Inlet01APreceding the 1960s starlettes by a decade, Juliette Gréco possesses a deep, throaty voice that was ideally suited to interpreting Gainsbourg and Prévert and ‘Si tu t’imagines’ is just one of her vast repertoire and a fine example at that. Léo Ferré is the current French president’s favourite singer and the melodic ‘A Saint Germain des Prés’ is an early illustration of Ferré’s beautiful voice. He would later become famous for his lengthy literary raps and he was very much an anti-establishment figure. Barbara may be less known outside France, but has few equals in France as a singer-songwriter and ‘Dis quand reviendras-tu?’ is a fine example of her pared down sound. Jacques Brel needs little introduction, but for those as yet unaware ‘La valse à mille temps’ shifts gear as only Brel knows how and he is an all-time great of the French language. Last, but by no means least, Serge Gainsbourg is nothing less than a national treasure, but interestingly for those who are familiar with his later psychedelic period, here the focus is on his jazz period. Both ‘Intoxicated man’ and ‘Requiem pour un twister’ are superior examples of his early period that stand the test of time. A trio of French women singers includes the obligatory Françoise Hardy and her seminal ‘Tous les garcons et les filles’, another Truffaut sound track song by Jeanne Moreau, ‘Le Tourbillon’, featured in the delightful ‘Jules et Jim’ film and a melancholic sounding Brigitte Bardot on ‘Sidonie’.

Inlet02AJazz musicians featured include Miles Davis and his stunning contribution to Louis Malle’s ‘Lift to the Scaffold’ film and pianist Martial Solal and the terrific soundtrack to Jean-Luc Godard’s seminal ‘A bout de souffle’/’Breathless’. Noteworthy are two other pieces, the Latin-jazz influenced ‘No hay problema’ by Art Blakey and his Jazz Messengers and a vocal number by Claude Nougaro. This French singer deserves a compilation of his own for an English-speaking audience, such is the richness of his 1960s jazz and 1970s Brazilian flavoured songs. A final mention should be made for France’s answer to Lambert, Hendricks and Ross, les Double Six who deliver a stunning version of one of Art Blakey’s staple tunes ‘Moanin’. All in all a musical experience that is truly a ‘joie de vivre’! (by Tim Stenhouse)

BackCover1
Tracklist:

CD 1:
01. Françoise Hardy: Le temps de l’amour (Dutronc/Salvet/Morisse) 2.23
02. Serge Gainsbourg: Requiem pour un twisteur (Gainsbourg) 2.37
03. Jeanne Moreau: Le tourbillon (Bassiak/Delerue) 2.03
04. Les Double Six: Rat Race (Jones/Perrin) 2.35
05. Claude Nougaro: Le cinéma (Legrand/Nougaro) 2.56
06. Sacha Distel: Brigitte (Brousolle/Distel) 2.17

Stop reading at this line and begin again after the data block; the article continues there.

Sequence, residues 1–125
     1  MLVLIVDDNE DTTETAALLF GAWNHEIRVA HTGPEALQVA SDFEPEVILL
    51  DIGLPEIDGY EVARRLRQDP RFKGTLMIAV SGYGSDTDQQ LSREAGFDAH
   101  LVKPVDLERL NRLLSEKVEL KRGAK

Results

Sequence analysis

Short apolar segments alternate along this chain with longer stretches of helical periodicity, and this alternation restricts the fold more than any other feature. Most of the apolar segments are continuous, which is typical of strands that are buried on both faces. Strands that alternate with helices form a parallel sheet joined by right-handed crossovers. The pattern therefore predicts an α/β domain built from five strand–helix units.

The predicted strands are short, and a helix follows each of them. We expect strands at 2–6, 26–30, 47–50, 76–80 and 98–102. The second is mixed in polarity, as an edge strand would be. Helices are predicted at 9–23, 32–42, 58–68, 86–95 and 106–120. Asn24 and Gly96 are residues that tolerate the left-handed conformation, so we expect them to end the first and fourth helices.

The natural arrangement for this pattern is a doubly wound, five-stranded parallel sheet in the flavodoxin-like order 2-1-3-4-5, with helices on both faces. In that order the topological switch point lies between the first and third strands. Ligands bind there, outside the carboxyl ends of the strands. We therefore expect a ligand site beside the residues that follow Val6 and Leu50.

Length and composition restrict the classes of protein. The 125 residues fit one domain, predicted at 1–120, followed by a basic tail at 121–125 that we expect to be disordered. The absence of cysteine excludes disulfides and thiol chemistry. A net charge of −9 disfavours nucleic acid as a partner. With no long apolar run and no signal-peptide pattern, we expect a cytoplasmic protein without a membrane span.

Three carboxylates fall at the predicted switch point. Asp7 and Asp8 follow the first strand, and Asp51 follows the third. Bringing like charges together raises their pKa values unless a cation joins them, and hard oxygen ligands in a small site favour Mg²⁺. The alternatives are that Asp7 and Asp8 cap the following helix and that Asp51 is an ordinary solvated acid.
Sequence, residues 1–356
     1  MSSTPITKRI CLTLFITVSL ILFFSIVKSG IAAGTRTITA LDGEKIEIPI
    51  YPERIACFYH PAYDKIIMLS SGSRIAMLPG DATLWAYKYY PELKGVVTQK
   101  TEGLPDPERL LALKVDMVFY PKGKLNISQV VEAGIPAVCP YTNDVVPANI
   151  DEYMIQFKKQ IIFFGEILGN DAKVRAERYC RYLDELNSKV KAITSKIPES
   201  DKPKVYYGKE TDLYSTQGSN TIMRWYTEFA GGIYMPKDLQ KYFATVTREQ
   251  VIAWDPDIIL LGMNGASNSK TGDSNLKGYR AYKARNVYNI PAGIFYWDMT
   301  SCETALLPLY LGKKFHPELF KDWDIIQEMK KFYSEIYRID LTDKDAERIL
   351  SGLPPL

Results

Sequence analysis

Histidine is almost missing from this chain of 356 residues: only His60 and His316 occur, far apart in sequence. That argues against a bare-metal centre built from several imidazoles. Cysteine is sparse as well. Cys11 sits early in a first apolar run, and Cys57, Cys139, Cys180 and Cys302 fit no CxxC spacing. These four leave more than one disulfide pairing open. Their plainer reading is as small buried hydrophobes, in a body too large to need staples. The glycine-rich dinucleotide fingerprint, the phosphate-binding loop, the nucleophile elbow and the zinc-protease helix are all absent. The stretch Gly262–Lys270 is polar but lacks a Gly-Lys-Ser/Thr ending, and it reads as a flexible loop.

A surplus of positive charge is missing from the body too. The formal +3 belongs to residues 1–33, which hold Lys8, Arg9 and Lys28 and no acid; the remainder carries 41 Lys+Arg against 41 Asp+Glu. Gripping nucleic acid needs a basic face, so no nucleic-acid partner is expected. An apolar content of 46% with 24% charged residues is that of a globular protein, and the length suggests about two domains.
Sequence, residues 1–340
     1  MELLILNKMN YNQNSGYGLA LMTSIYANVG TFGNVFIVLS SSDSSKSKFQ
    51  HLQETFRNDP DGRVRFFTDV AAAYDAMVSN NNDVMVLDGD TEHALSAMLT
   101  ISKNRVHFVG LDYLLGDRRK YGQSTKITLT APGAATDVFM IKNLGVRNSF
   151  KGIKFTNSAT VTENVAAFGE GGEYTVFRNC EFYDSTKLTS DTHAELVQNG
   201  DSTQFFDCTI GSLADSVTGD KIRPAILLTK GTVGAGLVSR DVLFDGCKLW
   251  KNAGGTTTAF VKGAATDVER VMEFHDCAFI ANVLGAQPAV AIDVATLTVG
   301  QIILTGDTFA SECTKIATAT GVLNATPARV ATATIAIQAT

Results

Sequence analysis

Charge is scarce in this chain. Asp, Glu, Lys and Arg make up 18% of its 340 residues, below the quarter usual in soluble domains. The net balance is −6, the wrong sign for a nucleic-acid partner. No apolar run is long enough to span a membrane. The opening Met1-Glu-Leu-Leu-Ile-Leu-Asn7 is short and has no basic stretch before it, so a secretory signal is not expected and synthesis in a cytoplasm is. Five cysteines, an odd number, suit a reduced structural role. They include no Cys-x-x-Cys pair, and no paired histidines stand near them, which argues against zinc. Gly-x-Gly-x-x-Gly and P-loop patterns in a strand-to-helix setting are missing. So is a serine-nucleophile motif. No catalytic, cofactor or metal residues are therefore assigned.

07. Magali Noël: Alhambra-Rock (Goraguer/Vian) 2.35
08. Art Blakey & The Jazz Messengers: No hay problema (Marray) 4.33
09. Charles Aznavour: Je m’voyais déjà (Aznavour) 3.22
10. Claude Nougaro: Les Don Juan (Legrand/Nougaro) 3.17
11. Léo Ferré: À Saint-Germain-des-Prés (Ferré) 3.01
12. Michel Legrand: Blues chez le bougnat (Legrand) 2.08
13. Charles Trenet: Que reste-t-il de nos amours? (Trenet/Chauliac) 3.10
14. Henri Salvador: C’est le be bop (Vian/Dieval) 2.05
15. Sacha Distel: Marina (Reardon/Distel) 4.11
16. Mouloudji: Comme un p’tit coquelicot (Grasso/Valery) 3.43
17. Anna Karina: Chanson d’Angela (Legrand/Godard) 2.23
18. Boby Lapointe: Framboise (Lapointe) 2.39
19. Catherine Sauvage: Black Trombone (Gainsbourg) 2.29
20. Corinne Marchand: La joueuse (Varda/Legrand) 1.52

CD 2:
01. Claude Nougaro: Le jazz et la java (Datin/Nougaro) 2.24
02. Françoise Hardy: Tous les garçons et les filles (Hardy/Samyn) 3.05
03. Serge Gainsbourg: Intoxicated Man (Gainsbourg) 2.35
04. Line Renaud: Sexe (Gaste) 3.32
05. Jacqueline Dano: Chanson de Lola (Varda/Legrand) 2.12
06. Jacques Brel: La valse à mille temps (Brel) 3.48
07. Martial Solal: New York Herald Tribune (Solal) 1.26
08. Les Double Six: Moanin’ (Timmons) 3.09
09. Magali Noël: Strip-Rock (Goraguer/Vian) 2.16
10. Boris Vian: Je suis snob (Walter/Vian) 2.49
11. Brigitte Bardot: Sidonie (Cros/Spanos/Riviere) 2.52
12. Barbara: Dis quand reviendras tu? (Barbara) 2.52
13. Juliette Gréco: Si tu t’imagines (Queneau) 2.42
14. Yves Montand: C’est si bon (Homez/Betti) 2.33
15. Henry Cording: Vas t’faire cuire un oeuf man (Sinclair/Mike) 2.51
16. Sacha Distel: Scoubidou (Teze/Distel) 3.00
17. Gilbert Becaud: Me-que-me-que (Becaus/Aznavour) 2.27
18. The Miles Davis Ensemble: Générique (nuit sur Les Champs-Élysées) (Davis) 2.53
19. Brigitte Fontaine & Areski: Il pleut sur la gare (Areski/Faintaine) 1.47
20. Valérie Lagrange: Si ma chanson pouvait (Lagrange) 5.25

CD1A

*
**

Booklet07A